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Better Conversation Starters Than "How are you?"

business communication Jun 20, 2022

Habits can be tough to break, especially when there’s no obvious need to change what you’ve grown comfortable doing. Take standard small talk and conversation norms. It’s polite and even expected that the question “How are you?” is part of a standard greeting. No one questions this approach to a conversation, but nearly everyone falls prey to the awkward silence that follows. You know how this goes:

“Hey, good to see you! How are you?”

“I’m good! How are you?”


And then…

The awkward silence generally comes next in the conversation has always been there, but my guess is you had an easier time recovering and filling the void before the pandemic. At least, that’s been my experience. Two years ago, I didn’t have to try so hard to figure out what came next in the conversation and as someone who got “talks too much” on every single report card, I didn’t expect short conversations to be so difficult.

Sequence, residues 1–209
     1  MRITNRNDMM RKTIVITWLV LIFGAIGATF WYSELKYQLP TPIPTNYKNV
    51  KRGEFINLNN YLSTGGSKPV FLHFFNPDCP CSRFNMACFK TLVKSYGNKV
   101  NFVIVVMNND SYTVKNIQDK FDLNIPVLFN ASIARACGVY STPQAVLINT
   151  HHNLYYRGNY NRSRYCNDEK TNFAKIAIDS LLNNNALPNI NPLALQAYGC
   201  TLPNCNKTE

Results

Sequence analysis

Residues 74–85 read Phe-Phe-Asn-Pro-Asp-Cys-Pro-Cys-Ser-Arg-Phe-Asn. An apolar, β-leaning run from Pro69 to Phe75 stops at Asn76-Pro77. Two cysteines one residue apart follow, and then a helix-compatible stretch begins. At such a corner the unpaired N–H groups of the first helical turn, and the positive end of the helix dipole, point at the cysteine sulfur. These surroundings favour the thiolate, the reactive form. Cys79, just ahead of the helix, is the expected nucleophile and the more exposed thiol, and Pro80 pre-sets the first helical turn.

It's understandable if the casual conversations that felt natural before the pandemic feel awkward and forced now. Talking to people in person and going back to work in a traditional office setting is an adjustment. One of the first places it shows up is small talk.

We often make small talk much harder than it needs to be by following the same script. Which means we’re just giving the same answers over and over during the course of the day.

If you want a different response you need a different question. Instead of “How are you?” try:

  • What’s made you smile today?
  • What’s new in your world?
  • What are you working on today?
  • What are you looking forward to this week?
  • Did you do anything fun over the weekend?

Breaking free from the traditional script is a tough habit to break. To be clear, the typical exchange isn’t wrong, it’s just not very productive. Using one of these questions as a follow-up to, “How are you?” can help you get into a short conversation and avoid the awkward pauses that can happen when people don’t know what comes next.

Preparing for what comes next is part of being a good conversationalist and good communicator. And that's a good habit to get into. 


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